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The Tyranny of Merit | Michael Sandel

Video 10 Comments

  • Economic democracy
  • Communities
  • Institutional reform
  • Philosophy

We live in an age of winners and losers, where the odds of success are stacked in favour of the already fortunate.

Stalled social mobility and entrenched inequality give the lie to the promise that "you can make it if you try". And the consequence is a brew of anger and frustration that has fuelled populist protest. How do we restore social solidarity and create the conditions for genuine equality of opportunity? In this powerful new RSA Minimate, Michael Sandel confronts the defining political challenge of our time.


The minds behind the award-winning RSA Animate series are back! RSA Minimates are super-short, information-packed animations for busy people. All audio excerpts are taken from live, FREE events at the RSA’s HQ in London, and animated by Cognitive. This animation was produced by RSA Senior Events and Animations Producer, Abi Stephenson.

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  • Very well stated indeed! A patient's case is sad indeed when his medicines are poisons, and his physicians his worst disease. By physicians I mean our political leaders. It is our misfortune to be living in an age in which the whole world appears to be suffering from a debilitating disease, namely, 'poverty of leadership.' And until we find an antidote to this disease urgently, it is my sincere fear that we may have little prospect of solving the issues alluded to in the video. A search for a cure is indeed the greatest challenge of our time.

    My humble contribution this search may be found in a blogpost, 'Immigration is not the ugly truth; poverty is.' You may kindly look it up by visiting:

  • Beautifully presented and told! Have a look at 'the spirit level' a highly readable book picking through the social statistics of different countries and laying bare the some suprising truths - the wealthiest in the most unequal countries live unhappier shorter lives even though they have more wealth than their compatriots in heavily taxed more equal countries - here is a strong case for the wealthy and powerful to pull everyone else up the ladder not pull up the ladder... Looking back on the British Victorians elites, there was a strong sense of 'doing good works' with Education and Libraries receiving their largesse as an enlightened approach to lifting the poor from their lot - where is their equivalent today?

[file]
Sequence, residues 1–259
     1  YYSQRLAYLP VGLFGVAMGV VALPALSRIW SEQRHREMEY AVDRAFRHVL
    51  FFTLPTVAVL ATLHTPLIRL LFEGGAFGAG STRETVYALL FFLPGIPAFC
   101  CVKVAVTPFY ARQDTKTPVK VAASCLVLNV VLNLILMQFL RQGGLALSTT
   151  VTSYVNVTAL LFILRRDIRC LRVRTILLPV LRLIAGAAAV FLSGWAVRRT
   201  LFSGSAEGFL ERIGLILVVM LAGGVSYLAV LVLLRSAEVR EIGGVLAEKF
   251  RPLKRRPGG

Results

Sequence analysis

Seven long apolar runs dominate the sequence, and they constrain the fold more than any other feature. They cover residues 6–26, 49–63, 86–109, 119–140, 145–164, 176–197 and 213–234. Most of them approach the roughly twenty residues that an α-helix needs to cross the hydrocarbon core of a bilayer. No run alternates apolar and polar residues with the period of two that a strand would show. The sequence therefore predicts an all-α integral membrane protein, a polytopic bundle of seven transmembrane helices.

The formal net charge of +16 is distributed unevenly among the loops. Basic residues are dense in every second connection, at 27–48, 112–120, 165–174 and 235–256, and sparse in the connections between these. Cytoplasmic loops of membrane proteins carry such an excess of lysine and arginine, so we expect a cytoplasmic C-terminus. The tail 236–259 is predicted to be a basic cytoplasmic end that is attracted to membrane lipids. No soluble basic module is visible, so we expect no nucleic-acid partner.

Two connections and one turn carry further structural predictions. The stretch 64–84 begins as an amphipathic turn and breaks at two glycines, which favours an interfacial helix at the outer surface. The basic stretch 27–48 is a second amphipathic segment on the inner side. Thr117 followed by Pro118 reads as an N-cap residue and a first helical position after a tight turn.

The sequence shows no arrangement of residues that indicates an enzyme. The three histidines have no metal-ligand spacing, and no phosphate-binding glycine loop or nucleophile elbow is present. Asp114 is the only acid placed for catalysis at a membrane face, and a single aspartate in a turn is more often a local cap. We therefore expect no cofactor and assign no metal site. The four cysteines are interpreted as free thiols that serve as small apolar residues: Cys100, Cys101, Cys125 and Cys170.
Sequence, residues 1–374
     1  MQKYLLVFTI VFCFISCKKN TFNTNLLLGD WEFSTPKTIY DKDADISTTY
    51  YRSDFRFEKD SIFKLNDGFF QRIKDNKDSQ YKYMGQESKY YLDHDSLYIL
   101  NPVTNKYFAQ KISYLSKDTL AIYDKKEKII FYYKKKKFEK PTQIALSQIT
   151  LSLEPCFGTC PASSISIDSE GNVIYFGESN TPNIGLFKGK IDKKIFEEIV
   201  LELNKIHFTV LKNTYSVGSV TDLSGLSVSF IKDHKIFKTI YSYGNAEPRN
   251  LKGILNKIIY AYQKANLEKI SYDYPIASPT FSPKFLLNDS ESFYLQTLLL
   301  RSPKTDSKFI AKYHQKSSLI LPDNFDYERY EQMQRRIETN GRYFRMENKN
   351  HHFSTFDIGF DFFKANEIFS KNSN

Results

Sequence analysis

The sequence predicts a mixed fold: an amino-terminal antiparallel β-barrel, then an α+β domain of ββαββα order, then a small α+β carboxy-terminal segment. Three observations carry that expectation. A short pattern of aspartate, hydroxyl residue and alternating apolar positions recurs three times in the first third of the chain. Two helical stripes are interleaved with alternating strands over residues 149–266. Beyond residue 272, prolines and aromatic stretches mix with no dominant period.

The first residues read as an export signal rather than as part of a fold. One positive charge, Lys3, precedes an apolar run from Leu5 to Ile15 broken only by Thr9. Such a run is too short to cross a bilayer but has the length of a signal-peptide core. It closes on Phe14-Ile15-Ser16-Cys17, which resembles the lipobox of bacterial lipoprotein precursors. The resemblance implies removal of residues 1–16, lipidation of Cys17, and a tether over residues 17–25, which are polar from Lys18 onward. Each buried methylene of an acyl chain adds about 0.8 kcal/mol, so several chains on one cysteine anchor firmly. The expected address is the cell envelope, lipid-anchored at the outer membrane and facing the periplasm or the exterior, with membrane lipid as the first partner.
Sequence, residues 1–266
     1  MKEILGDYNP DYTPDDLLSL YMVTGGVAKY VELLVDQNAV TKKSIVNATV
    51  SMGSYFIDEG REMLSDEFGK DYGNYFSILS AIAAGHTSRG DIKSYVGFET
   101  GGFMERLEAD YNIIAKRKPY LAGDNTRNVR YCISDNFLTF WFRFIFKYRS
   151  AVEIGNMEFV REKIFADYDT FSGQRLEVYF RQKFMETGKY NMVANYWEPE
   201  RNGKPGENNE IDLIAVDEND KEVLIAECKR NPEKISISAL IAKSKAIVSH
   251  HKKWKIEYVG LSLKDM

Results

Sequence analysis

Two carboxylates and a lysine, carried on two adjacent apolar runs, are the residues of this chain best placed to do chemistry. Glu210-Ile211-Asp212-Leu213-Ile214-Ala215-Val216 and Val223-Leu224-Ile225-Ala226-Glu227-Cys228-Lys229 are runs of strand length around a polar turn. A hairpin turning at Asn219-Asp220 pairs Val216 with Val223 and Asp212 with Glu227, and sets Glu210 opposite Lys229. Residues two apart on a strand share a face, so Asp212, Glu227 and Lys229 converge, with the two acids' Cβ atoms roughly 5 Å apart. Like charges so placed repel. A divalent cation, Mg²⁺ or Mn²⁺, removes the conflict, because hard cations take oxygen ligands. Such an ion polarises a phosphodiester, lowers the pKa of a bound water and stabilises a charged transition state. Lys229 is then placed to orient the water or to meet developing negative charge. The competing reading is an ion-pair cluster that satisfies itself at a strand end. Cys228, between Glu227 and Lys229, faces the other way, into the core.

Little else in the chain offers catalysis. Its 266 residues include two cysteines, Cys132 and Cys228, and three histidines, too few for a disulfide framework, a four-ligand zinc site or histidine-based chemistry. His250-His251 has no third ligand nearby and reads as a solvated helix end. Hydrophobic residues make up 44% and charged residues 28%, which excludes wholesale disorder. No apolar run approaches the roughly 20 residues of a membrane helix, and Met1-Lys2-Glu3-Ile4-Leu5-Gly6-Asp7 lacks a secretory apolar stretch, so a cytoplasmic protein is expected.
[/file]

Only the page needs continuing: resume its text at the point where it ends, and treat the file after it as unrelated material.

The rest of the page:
• From my own professional experience the philanthropic instincts of the Victorian era are, largely, still present among both the elites and the middle classes and I see strong desire among independent school parent and alumni groups to ensure that "elite" schools remain as accessible as possible to children from underprivileged backgrounds. But while potential donors are aware that their aid is a necessary part of ensuring that social mobility is maintained and fairness achieved, their philanthropic instinct is assailed by such modern problems of a lack of personal time to engage with the charitable purposes they are most drawn to and the loss of a sense of personal agency in contributing solutions to what are seen as systemic problems. In particular, donors and mentors are concerned that their acts of generosity are not interpreted as boastful or self-regarding.   

      The (partial) resolution to these challenges is to present them in a very focused way: demonstrating individual success stories and extrapolating beyond these particular cases to make a case that meaningful change can be brought about by every act of volunteering and every economic level of giving and that this can be done without engendering an accusation of paternalism. 

  • It’s this belief that drives the cult of the likes of Tony Robbins. Effort and focus may be necessary but they aren’t sufficient